Strengths of this review include the systematic approach, the conceptual categorization of the findings according to established tools (GIN-McMaster Checklist and GIN Reporting standards for guideline-based performance measures) [3, 4], and the large amount of new information that we revealed. Potential limitations to the methods of this review are the restriction to three languages and the fact that methods papers are sometimes hard to track. We mitigated these limitations by searching for methods papers on the websites of relevant organisations, consulting experts and checking topic papers for references on the method that was used.

Implications for practice

For developers in both the guidelines and the QA and quality indicator fields, our review has identified a few existing approaches that may be used to support guideline-based quality indicator development and avoid duplication of effort. In addition, our review highlights that better integration should be sought. For example, quality indicator should be thought of during the formulation of guideline questions to achieve better integration. Finally, our review highlights that those working in quality improvement should distinguish between expert opinion and evidence in the development of quality indicator [40].

Implications for research

Our review has important implications for research that include the development of a well-defined conceptual framework and testing of that framework.


Our systematic review of the literature resulted in 30 articles describing approaches for guideline-based QA and quality indicator development. In most approaches, guidelines were used as a source of evidence to inform the QI development. The criteria to select recommendations from the guidelines (e.g. level of evidence or strength of the recommendation) and to generate, select and assess quality indicators varied widely and not all quality indicator development criteria may be addressed in guideline development. We found approaches where guideline and quality indicator development were linked explicitly, but none of the articles reported a well-defined conceptual framework that properly integrated quality indicator in the guideline process. Research and conceptual development needs to be done in this area and we describe some of these advancements in our accompanying articles (reference to both).

Availability of data and materials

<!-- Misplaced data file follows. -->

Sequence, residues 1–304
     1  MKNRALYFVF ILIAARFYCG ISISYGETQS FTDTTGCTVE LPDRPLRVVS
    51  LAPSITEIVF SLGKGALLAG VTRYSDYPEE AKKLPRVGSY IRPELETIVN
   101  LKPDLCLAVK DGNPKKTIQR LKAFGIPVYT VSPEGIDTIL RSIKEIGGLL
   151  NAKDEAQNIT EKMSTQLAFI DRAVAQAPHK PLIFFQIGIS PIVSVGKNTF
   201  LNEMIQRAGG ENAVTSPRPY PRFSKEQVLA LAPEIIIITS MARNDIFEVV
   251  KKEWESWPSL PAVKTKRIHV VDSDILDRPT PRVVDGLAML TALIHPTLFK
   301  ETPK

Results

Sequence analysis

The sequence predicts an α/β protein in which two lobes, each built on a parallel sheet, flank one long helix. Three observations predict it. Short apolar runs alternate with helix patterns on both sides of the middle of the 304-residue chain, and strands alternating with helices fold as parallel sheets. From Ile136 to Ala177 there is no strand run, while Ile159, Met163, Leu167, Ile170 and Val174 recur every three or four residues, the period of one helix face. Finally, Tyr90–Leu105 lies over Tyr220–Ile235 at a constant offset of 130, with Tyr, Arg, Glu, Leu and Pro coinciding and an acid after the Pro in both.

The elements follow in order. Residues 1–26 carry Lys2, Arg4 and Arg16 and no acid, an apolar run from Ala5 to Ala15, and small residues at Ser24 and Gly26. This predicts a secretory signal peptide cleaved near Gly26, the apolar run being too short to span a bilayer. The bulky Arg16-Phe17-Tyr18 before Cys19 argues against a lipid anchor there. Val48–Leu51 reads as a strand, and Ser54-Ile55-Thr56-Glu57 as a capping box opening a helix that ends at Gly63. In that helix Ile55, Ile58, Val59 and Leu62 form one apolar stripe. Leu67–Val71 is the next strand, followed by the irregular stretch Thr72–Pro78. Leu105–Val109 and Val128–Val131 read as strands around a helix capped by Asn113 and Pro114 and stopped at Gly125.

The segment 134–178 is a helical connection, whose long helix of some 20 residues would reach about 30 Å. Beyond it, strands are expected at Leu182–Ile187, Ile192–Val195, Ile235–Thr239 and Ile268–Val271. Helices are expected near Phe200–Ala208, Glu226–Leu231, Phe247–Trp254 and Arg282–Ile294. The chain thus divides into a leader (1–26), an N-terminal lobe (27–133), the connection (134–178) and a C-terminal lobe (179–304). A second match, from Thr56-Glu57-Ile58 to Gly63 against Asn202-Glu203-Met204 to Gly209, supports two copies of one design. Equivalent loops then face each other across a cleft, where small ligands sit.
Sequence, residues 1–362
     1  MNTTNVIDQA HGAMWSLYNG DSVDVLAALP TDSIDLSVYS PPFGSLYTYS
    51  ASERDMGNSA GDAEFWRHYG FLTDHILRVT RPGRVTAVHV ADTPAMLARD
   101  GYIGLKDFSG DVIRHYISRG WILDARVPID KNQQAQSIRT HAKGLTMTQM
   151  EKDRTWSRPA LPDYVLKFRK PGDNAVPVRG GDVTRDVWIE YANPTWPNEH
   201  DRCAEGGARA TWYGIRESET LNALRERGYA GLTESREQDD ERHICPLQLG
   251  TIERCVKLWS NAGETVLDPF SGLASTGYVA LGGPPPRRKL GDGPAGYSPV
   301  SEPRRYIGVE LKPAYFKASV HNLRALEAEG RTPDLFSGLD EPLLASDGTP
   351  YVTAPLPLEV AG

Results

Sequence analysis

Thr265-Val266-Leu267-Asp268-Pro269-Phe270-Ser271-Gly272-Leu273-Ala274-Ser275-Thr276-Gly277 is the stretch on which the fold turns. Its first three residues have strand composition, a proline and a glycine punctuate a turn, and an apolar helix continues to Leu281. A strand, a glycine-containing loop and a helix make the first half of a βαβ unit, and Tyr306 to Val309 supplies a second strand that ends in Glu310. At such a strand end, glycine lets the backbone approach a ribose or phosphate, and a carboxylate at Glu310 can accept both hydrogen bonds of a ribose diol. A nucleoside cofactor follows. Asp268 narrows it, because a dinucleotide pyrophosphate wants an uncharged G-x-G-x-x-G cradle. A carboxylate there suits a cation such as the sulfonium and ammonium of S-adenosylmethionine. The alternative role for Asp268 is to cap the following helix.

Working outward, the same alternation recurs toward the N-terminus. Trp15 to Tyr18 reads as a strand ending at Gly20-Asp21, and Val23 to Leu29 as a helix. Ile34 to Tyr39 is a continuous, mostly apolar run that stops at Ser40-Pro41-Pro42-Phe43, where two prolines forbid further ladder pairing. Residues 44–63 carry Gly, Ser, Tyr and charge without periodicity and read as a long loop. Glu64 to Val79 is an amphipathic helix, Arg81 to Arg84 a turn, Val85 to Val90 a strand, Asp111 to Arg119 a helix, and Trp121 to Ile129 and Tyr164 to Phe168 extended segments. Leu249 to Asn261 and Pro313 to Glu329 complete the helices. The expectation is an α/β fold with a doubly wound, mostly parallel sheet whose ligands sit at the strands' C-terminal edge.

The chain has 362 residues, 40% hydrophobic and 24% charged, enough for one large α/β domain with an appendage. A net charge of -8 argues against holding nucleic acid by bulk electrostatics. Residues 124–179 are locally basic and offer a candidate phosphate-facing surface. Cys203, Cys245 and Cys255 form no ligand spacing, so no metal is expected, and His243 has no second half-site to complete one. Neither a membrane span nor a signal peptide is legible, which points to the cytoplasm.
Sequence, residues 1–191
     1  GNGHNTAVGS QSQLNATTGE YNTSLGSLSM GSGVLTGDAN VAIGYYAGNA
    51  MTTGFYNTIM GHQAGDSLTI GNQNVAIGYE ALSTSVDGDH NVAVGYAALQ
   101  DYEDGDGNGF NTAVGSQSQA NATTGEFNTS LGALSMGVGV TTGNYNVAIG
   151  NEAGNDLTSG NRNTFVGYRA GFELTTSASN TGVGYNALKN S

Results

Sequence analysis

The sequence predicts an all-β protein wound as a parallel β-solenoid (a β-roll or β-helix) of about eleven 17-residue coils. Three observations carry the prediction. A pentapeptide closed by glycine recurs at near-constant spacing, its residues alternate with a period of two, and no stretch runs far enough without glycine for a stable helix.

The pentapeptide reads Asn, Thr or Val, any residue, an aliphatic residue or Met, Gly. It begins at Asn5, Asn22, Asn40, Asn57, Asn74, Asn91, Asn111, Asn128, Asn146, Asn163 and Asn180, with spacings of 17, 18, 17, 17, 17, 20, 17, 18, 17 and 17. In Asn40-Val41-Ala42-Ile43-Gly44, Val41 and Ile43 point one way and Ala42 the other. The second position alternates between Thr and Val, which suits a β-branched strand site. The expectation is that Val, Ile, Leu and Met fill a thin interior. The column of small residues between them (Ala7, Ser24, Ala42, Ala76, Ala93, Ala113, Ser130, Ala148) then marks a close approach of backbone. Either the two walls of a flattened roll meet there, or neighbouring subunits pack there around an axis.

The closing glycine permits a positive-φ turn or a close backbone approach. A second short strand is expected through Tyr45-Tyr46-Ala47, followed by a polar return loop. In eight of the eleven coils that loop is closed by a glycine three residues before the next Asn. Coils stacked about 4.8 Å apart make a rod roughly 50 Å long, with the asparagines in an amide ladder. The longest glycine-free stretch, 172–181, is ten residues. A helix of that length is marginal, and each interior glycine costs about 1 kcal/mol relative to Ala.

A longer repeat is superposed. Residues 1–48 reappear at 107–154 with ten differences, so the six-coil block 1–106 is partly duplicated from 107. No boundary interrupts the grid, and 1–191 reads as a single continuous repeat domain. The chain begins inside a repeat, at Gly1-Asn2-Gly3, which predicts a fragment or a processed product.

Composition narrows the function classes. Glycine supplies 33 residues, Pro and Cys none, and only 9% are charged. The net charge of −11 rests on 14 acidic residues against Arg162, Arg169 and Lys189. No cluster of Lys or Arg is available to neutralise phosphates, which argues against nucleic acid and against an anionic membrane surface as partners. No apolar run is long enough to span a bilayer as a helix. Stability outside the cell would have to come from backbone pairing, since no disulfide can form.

Not applicable.



European Commission


European Commission Initiative on Colorectal Cancer


Guidelines International Network


Grading of Recommendations Assessment, Development and Evaluation


Prospective Register of Systematic Reviews


Quality Assurance


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Elena Parmelli for reviewing the protocol and René Spijker, medical information specialist, for help with running the literature searches.


The project was partially funded by the European Commission under the umbrella of the European Commission Initiatives on Breast and Colorectal Cancer (ECIBC and ECICC). The funding body was not involved in the design of the study, collection, analysis, and interpretation of data and in writing the manuscript.

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ML, TP and HS were responsible for the conception of the paper and drafted the first version. AD, IF, CCM, RAM, GEUM, AA, TB, SGK, IE, JH, ML, TP, HS, MN, MF contributed to searching, selection and/or data extraction. ML, TP, HS, AD, IF, CCM, RAM, GEUM, AA, TB, SGK, IE, JH, ML, TP, HS, MN, MF, DA, JB, TK, PW contributed to the interpretation and reporting of the results and provided comments on subsequent versions of the article. All authors read and approved the final manuscript prior submission.

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Correspondence to Holger J. Schünemann.

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Supplementary information

Additional file 1.

Appendix A. Search strategies. Appendix B. List of predefined organizations for manual search. Appendix C. Screening forms. Appendix D. Data abstraction forms.

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Langendam, M.W., Piggott, T., Nothacker, M. et al. Approaches of integrating the development of guidelines and quality indicators: a systematic review. BMC Health Serv Res 20, 875 (2020).

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  • Guidelines
  • Recommendations
  • Quality improvement
  • Quality assurance